Sufficient evidence to indict assessor Pilatus in money laundering matters

The magistrate in charge of establishing the evidence against a former official of the Pilatus Bank said that there were sufficient At first glance evidence to proceed with an indictment for money laundering.

Magistrate Donatella Frendo Dimech delivered her ruling earlier this afternoon as the case against Claude Anne Sant Fournier continued. Sant Fournier, who was previously responsible for money laundering reports (MLRO) at the bank, is accused, along with the bank itself, of money laundering.

Pilatus and Sant Fournier were jointly charged on September 2 with breaking the money laundering law in 2018 and committing similar offenses in previous years. The court had issued a freezing order against the bank and an interim order against Sant Fournier during his arraignment.

In August, the bank was fined nearly 5 million euros by the Maltese money laundering watchdog, the FIAU, for “very serious and systemic” breaches of the bank’s obligation. to prevent financial crime. The fine came after a three-year investigation into the bank’s customers and procedures.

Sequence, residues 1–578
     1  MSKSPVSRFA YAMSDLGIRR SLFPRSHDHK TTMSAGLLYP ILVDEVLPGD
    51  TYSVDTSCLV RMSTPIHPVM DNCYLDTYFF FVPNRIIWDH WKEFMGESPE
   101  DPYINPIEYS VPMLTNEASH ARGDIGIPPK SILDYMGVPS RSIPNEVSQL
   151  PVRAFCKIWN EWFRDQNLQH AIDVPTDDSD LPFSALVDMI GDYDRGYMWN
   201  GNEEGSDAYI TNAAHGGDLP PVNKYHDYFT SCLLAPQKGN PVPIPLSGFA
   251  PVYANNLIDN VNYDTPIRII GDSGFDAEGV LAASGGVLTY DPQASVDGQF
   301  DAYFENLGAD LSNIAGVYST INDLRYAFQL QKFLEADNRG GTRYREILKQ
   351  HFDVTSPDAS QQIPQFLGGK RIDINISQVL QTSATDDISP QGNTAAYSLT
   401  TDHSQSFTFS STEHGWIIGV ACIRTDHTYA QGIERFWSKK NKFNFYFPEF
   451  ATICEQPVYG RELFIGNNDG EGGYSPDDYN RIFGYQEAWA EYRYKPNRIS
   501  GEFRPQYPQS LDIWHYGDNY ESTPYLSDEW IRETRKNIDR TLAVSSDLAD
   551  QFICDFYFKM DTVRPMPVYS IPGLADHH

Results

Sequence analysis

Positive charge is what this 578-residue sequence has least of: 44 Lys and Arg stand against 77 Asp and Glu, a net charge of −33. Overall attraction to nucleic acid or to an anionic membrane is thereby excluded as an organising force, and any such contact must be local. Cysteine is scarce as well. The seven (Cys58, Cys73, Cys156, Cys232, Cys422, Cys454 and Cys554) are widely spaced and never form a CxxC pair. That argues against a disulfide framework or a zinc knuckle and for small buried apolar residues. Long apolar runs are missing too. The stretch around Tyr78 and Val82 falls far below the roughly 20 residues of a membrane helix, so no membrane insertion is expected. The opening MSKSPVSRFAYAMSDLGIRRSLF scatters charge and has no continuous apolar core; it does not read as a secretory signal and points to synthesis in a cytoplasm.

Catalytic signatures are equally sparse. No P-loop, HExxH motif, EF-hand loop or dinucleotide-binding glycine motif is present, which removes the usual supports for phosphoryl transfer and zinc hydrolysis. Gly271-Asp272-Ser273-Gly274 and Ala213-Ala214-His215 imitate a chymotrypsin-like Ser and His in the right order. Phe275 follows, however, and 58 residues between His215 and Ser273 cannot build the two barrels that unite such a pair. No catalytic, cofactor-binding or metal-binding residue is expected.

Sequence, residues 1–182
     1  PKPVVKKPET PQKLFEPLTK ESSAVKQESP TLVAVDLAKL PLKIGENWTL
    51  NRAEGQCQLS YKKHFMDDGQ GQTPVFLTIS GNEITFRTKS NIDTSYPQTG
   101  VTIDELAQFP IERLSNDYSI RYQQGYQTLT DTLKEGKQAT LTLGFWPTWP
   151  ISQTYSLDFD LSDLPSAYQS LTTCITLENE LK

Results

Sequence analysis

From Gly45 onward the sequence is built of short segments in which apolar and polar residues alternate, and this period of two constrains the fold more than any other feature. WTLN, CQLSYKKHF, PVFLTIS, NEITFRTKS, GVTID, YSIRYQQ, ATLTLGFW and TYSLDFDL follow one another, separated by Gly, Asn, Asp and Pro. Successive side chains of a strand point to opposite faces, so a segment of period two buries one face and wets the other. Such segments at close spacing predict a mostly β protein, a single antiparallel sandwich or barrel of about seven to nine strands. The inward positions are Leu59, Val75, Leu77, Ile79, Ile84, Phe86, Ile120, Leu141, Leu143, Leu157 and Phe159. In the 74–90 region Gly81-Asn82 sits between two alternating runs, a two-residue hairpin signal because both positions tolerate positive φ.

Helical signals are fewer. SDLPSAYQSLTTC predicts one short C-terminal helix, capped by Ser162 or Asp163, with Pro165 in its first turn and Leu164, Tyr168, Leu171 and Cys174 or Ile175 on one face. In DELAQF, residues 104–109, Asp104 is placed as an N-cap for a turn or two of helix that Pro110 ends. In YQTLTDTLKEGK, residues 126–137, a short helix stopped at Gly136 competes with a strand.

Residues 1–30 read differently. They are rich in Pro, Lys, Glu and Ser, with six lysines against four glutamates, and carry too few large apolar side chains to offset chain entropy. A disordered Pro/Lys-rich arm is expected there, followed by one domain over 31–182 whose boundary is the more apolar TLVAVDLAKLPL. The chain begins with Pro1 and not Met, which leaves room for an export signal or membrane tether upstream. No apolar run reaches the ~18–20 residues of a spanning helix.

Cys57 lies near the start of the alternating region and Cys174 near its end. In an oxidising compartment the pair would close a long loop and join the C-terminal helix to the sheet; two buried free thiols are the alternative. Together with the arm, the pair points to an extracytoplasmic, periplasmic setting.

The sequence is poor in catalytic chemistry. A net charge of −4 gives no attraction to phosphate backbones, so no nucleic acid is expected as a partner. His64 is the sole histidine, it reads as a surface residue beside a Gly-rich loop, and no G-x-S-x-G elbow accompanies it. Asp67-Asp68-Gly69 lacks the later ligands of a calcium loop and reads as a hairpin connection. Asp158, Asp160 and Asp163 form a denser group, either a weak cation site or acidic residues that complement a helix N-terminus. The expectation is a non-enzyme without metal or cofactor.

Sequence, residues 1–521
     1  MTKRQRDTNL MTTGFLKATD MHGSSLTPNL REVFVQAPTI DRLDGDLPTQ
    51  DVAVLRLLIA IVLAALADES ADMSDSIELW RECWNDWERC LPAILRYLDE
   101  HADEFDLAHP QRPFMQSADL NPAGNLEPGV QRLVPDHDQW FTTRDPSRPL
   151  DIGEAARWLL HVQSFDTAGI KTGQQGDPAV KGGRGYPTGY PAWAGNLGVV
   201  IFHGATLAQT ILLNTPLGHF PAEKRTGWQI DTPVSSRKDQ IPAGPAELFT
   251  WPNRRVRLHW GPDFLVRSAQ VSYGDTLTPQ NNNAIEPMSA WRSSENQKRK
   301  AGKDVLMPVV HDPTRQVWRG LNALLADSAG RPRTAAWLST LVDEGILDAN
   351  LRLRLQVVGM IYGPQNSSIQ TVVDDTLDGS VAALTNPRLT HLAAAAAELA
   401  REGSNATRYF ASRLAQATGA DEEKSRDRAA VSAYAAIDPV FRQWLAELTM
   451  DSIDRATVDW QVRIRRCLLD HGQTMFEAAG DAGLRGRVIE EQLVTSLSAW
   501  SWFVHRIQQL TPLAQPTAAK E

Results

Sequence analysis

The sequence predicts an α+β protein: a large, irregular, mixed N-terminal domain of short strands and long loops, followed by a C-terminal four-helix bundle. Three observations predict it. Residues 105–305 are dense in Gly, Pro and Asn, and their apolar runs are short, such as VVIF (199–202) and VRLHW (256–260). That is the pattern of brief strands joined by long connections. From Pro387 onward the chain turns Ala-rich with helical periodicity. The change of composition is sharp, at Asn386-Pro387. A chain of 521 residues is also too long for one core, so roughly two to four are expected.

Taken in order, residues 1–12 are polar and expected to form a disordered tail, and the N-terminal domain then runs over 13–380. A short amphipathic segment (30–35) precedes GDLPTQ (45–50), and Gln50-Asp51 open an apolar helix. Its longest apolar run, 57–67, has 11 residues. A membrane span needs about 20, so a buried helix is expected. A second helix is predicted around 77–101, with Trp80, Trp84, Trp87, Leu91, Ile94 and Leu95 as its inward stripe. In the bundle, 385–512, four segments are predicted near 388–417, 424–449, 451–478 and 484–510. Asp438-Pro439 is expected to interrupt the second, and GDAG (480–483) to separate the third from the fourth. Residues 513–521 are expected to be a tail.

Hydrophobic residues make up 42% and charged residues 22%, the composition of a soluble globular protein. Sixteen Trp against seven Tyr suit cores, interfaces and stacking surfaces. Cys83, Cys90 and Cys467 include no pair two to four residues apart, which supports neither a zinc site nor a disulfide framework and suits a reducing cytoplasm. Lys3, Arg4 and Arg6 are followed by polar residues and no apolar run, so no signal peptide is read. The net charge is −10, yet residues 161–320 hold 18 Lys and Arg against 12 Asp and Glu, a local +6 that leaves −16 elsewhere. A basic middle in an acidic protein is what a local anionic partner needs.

At a previous hearing, the court heard that Sant Fournier had repeatedly made unexplained “administrative errors”, which led investigators to believe that she was aiding and abetting money laundering.

Sant Fournier’s defense attorney argued that the prosecution said the former MLRO did not gain any financial benefit from the laundering and asked why she was also being charged in a personal capacity.

Bank Pilatus was closed in November 2018 when the European Central Bank revoked its license two years after it was first involved in suspected money laundering offenses.

The bank came under the spotlight just before the 2017 general election, when Daphne Caruana Galizia alleged that the wife of former prime minister Michelle Muscat owned the Panamanian company Egrant, which had a bank account with Pilatus. .

A forensic investigation into the allegations found no such account linked to Egrant or Michelle Muscat and dismissed the allegations.

The owner of the bank, Ali Sadr Hasheminejad, an Iranian national, was eventually arrested in the United States and charged with violating sanctions against Venezuela. The case against Hasheminejad was eventually dropped.

Prosecutors Cinzia Azzopardi Alamango and Marthese Grech appear for the attorney general’s office, inspectors Claire Borg and Pauline Bonello continue.

Lawyers Stefano Filletti and Kathleen Calleja Grima are defense lawyers.

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